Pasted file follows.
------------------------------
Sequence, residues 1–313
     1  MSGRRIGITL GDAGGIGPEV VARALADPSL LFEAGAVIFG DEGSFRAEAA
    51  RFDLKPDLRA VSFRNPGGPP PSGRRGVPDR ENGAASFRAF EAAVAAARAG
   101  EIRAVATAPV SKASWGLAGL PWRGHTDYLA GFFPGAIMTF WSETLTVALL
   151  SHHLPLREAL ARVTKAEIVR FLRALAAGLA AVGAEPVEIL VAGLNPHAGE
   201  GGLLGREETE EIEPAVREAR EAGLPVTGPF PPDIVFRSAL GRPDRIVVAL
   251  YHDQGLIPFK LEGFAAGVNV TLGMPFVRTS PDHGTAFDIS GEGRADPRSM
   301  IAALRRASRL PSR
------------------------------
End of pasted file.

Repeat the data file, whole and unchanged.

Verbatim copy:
Sequence, residues 1–313
     1  MSGRRIGITL GDAGGIGPEV VARALADPSL LFEAGAVIFG DEGSFRAEAA
    51  RFDLKPDLRA VSFRNPGGPP PSGRRGVPDR ENGAASFRAF EAAVAAARAG
   101  EIRAVATAPV SKASWGLAGL PWRGHTDYLA GFFPGAIMTF WSETLTVALL
   151  SHHLPLREAL ARVTKAEIVR FLRALAAGLA AVGAEPVEIL VAGLNPHAGE
   201  GGLLGREETE EIEPAVREAR EAGLPVTGPF PPDIVFRSAL GRPDRIVVAL
   251  YHDQGLIPFK LEGFAAGVNV TLGMPFVRTS PDHGTAFDIS GEGRADPRSM
   301  IAALRRASRL PSR